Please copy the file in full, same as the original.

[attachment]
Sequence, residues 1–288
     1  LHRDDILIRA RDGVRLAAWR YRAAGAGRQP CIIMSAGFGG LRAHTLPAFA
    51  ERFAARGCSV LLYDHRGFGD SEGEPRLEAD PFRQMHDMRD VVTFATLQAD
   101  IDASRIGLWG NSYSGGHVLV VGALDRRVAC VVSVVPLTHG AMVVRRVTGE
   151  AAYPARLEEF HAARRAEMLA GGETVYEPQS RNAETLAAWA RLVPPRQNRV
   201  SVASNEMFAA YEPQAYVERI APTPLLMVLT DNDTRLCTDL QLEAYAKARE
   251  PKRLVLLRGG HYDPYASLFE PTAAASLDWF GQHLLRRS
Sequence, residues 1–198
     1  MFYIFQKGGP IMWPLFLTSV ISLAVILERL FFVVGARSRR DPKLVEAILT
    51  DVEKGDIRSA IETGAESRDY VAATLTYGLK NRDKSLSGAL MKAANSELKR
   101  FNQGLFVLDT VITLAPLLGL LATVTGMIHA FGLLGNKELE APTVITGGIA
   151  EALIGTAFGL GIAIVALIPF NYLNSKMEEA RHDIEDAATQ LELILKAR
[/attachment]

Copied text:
Sequence, residues 1–288
     1  LHRDDILIRA RDGVRLAAWR YRAAGAGRQP CIIMSAGFGG LRAHTLPAFA
    51  ERFAARGCSV LLYDHRGFGD SEGEPRLEAD PFRQMHDMRD VVTFATLQAD
   101  IDASRIGLWG NSYSGGHVLV VGALDRRVAC VVSVVPLTHG AMVVRRVTGE
   151  AAYPARLEEF HAARRAEMLA GGETVYEPQS RNAETLAAWA RLVPPRQNRV
   201  SVASNEMFAA YEPQAYVERI APTPLLMVLT DNDTRLCTDL QLEAYAKARE
   251  PKRLVLLRGG HYDPYASLFE PTAAASLDWF GQHLLRRS
Sequence, residues 1–198
     1  MFYIFQKGGP IMWPLFLTSV ISLAVILERL FFVVGARSRR DPKLVEAILT
    51  DVEKGDIRSA IETGAESRDY VAATLTYGLK NRDKSLSGAL MKAANSELKR
   101  FNQGLFVLDT VITLAPLLGL LATVTGMIHA FGLLGNKELE APTVITGGIA
   151  EALIGTAFGL GIAIVALIPF NYLNSKMEEA RHDIEDAATQ LELILKAR